This is interesting,
Gosling doesn’t think there is much need for an open source JVM.
Here are some quotes from this DevX article:
“We’ve got several thousand man-years of engineering in [Java], and we hear very strongly that if this thing turned into an open source project—where just any old person could check in stuff—they’d all freak. They’d all go screaming into the hills.”
I think he fails to understand the concept of meritocracy. In the Apache community, if someone demonstrates ability they are granted commit access to a repository, but it isn’t something people throw around lightly. The Apache Subversion repository isn’t a Wiki with completely open access, there is a (arduous) process for granting commit access, and everyone signs a very stringent IP agreement. On top of that process the Apache Community is driven by consensus, any change to code can be vetoed, and the community takes this process seriously.
He also refers to the “enterprise development community”. Who are these people? Are these the same people who embraced EJB 2.1? Icky. I think Sun is starting to resent the fact that innovation in the Java space has been coming from people working on open source projects who are not associated with Sun. Sun’s influence over the world of Java is fading, I think they should embrace this change rather than fight it. Sun doesn’t gain much from “owning” the Java brand.
“In the open source community, if you actually care about being legally clean, it’s a nightmare. Most people don’t actually read the licenses. Every day or two there’s something about someone getting hammered for GPL violations, and most of the people who are doing it don’t even know it.”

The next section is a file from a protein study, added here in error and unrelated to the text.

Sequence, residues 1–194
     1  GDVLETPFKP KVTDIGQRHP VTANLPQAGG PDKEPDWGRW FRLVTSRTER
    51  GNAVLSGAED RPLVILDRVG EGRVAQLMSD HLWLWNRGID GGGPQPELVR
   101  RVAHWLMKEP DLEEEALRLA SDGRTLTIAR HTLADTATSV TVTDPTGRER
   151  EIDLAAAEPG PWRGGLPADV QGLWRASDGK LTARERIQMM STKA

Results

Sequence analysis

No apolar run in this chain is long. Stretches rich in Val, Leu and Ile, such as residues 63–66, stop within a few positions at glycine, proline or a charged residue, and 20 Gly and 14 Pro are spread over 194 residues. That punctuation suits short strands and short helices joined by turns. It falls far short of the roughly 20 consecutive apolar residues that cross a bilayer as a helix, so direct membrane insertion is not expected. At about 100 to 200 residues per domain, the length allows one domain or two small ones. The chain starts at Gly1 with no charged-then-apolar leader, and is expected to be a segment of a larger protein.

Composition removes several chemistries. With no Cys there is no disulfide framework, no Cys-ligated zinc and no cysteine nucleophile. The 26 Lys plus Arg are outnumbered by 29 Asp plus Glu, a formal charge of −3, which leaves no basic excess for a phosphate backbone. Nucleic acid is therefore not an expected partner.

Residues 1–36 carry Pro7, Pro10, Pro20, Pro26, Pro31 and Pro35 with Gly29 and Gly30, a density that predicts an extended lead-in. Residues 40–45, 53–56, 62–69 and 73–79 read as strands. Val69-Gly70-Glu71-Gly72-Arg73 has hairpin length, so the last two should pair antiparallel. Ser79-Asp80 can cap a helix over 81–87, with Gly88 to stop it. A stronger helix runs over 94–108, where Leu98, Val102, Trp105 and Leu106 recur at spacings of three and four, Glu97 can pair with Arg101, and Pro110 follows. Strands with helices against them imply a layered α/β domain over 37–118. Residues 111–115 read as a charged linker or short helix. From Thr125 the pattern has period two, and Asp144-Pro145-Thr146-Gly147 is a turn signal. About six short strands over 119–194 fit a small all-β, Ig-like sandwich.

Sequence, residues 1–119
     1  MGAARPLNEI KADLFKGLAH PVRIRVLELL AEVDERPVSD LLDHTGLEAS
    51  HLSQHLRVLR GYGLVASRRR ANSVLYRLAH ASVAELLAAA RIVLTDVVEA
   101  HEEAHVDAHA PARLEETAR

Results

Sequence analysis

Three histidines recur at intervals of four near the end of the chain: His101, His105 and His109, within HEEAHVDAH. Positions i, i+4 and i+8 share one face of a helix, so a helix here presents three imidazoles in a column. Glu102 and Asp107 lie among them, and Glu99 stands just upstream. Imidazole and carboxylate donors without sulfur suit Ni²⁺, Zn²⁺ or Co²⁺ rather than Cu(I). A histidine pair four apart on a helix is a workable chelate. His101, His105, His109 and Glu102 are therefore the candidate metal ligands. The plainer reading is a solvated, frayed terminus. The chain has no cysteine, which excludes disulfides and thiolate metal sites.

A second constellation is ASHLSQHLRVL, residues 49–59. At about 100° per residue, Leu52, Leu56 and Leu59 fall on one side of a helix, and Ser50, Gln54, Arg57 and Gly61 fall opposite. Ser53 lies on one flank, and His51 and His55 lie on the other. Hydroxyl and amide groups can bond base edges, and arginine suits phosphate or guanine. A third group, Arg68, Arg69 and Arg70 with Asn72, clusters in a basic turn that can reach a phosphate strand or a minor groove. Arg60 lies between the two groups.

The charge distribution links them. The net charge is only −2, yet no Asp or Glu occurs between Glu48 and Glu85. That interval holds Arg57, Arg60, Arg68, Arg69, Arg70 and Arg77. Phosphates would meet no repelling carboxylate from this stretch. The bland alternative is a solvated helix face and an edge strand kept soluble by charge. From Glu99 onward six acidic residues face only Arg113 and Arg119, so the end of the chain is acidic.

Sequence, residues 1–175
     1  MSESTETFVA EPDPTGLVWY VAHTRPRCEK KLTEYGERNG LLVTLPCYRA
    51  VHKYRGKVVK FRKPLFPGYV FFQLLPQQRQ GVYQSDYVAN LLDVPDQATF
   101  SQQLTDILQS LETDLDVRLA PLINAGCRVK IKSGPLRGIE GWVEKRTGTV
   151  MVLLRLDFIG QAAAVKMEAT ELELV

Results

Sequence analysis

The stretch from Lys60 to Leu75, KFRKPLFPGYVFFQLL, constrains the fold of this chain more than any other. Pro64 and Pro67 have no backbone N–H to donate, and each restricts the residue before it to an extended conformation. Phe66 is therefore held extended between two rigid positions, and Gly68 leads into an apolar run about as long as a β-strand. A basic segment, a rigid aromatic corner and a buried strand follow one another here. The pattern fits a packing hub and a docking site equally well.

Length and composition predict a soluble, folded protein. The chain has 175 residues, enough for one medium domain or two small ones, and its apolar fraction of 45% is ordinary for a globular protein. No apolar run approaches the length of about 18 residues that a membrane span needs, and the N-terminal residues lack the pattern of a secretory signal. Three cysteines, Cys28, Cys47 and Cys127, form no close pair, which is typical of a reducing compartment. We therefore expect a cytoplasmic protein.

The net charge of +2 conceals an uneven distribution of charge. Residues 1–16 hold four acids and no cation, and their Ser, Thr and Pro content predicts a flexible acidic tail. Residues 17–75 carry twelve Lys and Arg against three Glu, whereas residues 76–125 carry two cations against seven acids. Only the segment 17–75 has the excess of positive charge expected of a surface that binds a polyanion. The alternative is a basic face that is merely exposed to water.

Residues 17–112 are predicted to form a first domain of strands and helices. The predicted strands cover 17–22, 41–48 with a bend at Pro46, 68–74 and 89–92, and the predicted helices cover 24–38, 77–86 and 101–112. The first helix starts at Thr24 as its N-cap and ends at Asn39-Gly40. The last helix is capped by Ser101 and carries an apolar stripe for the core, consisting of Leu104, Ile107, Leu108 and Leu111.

Sure, point taken, most people don’t know squat about open source licensing, but it seems entirely unrelated to the question at hand. Harmony is a project at the Apache Software Foundation which has little to do with the Free Software Foundation’s GPL license. I’m going to give Gosling more credit than this, I think this has more to do with Glen Kunene’s writing than what Gosling was trying to communicate. I’d like to think that Gosling knows the difference between a BSD-style license and a GPL license. The reason why people are excited about seeing something like Harmony succeed at the ASF is that the Apache license is very free and doesn’t contain the restrictions carried by the GPL.
If anything Harmony will at least spur some discussion, and produce results sooner than people think. I agree with Geir, there is a need for a JVM implementation unencumbered by either Sun’s license or the GPL. Being “close-enough” doesn’t cut it, and the transparent collaborative meritocracy provided by the ASF and the Incubator will be a Good Thing for Java and the Community.
Harmony? or Dischord?